An Encoding Mismatch means that your browser is not using the correct codepage to display special characters (extended ASCII) and they show up as something unexpected.
Alternately you may currently have the correct encoding in your browser but at some time in the past there was an encoding mismatch while data was inserted via a browser. This too will create unexpected results of special characters.
How to check this?
- Find out what the correct encoding is for the language you are using in your site. As an example let's take Czech which uses iso-8859-2
- Open a page of your site in your browser and ensure that the browser is set to automatically detect encodings
- The browser should have detected iso-8859-2 which is also known as "Central European" encoding
1. If the corruption is in text that is part of content - this might have been inserted during some mismatch in the past. Try to insert some new text and see if it is OK.
2. If the corruption occurs in User Interface labels, then perhaps the language file you are using is for utf-8 use only. You should change the language file with one that was prepared for singlebyte encodings such as iso-8859-2.
If your browser did not select the correct encoding automatically then please check the following:
- In your browser click on the menu item that displays the source of the currently displayed page. In the code near the top in the header tags you should find the following line for Czech encoding:
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<meta http-equiv="Content-Type" content="text/html; charset=iso-8859-2" />
- If you see a different charset value then you need to check your language file define for encoding as this is taken from there. You should open the language file (.php) in an editor and search for '_ISO'. You should see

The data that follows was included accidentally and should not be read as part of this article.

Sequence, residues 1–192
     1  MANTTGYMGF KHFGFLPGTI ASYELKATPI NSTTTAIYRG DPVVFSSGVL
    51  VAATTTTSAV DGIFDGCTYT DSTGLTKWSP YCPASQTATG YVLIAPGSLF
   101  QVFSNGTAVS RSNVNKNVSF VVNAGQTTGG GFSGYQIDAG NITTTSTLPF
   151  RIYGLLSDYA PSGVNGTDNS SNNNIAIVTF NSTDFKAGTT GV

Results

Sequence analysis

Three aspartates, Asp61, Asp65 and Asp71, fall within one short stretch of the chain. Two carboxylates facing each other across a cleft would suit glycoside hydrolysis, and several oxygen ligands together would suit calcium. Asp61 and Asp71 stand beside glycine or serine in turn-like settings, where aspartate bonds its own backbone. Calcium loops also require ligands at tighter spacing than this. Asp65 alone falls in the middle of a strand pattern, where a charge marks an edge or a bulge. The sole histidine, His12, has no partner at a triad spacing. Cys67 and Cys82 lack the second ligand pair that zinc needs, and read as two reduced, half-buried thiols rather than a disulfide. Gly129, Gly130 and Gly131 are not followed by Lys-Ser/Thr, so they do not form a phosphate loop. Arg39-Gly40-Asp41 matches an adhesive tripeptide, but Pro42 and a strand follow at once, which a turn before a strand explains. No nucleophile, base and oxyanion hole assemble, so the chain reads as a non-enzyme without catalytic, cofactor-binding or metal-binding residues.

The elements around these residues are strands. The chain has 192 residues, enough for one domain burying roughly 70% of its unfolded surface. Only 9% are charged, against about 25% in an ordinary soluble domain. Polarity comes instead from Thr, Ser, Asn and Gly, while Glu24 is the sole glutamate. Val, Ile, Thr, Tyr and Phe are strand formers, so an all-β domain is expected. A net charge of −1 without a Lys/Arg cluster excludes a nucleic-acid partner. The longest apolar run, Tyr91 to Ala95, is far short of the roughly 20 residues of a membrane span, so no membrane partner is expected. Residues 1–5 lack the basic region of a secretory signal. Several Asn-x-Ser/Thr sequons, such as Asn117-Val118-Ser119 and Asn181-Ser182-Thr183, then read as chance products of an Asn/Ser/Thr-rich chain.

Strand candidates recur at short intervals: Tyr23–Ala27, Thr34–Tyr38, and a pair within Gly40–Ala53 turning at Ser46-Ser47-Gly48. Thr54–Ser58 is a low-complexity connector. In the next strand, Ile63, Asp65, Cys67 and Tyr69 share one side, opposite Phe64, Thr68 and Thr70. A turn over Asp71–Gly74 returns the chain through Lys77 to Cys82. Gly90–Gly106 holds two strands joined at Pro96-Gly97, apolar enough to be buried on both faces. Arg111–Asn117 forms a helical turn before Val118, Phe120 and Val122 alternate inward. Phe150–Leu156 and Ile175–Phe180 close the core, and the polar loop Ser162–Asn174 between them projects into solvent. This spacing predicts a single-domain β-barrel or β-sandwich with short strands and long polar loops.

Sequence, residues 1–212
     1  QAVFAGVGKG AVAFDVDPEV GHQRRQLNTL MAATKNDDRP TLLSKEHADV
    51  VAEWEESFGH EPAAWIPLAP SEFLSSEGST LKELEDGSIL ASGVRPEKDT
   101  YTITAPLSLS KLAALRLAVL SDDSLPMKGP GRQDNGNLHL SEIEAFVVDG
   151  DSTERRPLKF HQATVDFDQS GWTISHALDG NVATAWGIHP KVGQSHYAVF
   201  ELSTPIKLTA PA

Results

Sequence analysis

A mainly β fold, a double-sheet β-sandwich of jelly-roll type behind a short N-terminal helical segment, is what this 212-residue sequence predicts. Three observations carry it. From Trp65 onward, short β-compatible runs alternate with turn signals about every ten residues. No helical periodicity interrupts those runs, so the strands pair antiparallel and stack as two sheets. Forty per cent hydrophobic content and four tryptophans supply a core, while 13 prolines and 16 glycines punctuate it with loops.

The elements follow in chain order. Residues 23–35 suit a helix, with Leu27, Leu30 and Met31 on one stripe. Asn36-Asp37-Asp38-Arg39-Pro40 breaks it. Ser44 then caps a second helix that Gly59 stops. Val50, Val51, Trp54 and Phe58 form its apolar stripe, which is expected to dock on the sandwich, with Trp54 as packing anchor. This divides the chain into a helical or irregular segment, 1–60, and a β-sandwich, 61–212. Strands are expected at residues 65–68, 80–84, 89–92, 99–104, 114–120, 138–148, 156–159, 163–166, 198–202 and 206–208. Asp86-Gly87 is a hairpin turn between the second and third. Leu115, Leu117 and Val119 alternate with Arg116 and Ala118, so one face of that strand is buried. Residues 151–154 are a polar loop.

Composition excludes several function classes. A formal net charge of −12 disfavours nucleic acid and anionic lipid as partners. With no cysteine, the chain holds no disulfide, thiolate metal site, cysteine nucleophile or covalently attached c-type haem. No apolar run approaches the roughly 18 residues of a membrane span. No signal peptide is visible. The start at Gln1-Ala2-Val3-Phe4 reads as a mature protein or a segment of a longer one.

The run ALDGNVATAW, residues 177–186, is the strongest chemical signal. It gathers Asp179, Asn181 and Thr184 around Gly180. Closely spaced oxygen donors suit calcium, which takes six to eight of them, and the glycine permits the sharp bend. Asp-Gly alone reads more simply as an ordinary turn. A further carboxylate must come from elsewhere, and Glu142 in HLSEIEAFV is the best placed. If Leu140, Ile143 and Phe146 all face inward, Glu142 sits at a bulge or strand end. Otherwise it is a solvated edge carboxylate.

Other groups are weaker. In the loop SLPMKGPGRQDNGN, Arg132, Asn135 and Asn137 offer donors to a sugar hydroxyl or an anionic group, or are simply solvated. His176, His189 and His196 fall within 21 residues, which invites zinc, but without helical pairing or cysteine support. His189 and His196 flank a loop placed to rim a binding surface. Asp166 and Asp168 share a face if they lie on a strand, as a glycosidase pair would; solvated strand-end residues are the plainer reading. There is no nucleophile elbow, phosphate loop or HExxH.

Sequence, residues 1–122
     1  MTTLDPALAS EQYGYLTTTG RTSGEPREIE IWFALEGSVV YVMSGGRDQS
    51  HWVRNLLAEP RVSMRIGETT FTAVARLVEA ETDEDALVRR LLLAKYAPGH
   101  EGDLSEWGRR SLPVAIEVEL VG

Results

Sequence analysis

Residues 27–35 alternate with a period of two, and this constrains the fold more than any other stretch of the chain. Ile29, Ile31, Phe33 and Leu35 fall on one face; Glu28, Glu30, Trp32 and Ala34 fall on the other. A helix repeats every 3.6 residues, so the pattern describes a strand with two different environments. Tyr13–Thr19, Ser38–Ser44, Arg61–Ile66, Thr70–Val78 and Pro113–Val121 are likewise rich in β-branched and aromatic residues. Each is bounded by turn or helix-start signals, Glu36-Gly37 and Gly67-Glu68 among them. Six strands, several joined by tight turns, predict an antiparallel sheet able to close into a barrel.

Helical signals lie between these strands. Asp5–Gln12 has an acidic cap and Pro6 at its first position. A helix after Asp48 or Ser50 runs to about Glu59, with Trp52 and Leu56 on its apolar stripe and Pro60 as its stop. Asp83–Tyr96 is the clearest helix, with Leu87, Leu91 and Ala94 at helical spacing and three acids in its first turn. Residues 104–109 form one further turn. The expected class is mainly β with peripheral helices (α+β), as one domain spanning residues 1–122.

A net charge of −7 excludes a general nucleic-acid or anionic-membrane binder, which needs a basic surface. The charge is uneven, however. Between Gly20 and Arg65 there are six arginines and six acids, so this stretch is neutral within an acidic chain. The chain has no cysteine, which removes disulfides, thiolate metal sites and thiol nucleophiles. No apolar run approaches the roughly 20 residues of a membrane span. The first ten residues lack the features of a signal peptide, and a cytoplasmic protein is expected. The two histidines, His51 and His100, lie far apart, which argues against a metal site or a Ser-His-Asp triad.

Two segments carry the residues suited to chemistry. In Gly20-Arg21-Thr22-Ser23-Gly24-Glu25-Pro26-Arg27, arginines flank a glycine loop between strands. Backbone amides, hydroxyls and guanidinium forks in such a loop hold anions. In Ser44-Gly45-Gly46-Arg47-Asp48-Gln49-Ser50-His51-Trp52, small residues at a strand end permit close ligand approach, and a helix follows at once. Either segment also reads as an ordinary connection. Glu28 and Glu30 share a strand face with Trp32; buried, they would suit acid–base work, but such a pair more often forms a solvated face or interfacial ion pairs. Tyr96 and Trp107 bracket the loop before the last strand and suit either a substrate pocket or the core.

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- If the language file define is correct but something else shows up the page source code - then there is a problem with the template that you are using. A different, standard, template should be tried
- Remember that if you wish to use Czech (for example) in your content while still keeping the original English language file for the site User Interface - then you should change the _ISO define in the language file from iso-8859-1 to iso-8859-2
- For utf-8 related issues please see a separate sticky thread in this board
If you are still having problems - don't start slashing your wrists - just place a post in this board with as much details as possible. Mainly please detail:
- What language do you wish to display
- What encoding does the browser select
- Where are the problematic characters? In content or in User Interface labels?
- What do you see in the charset value of the page source?
- What is set in the language file define for '_ISO'?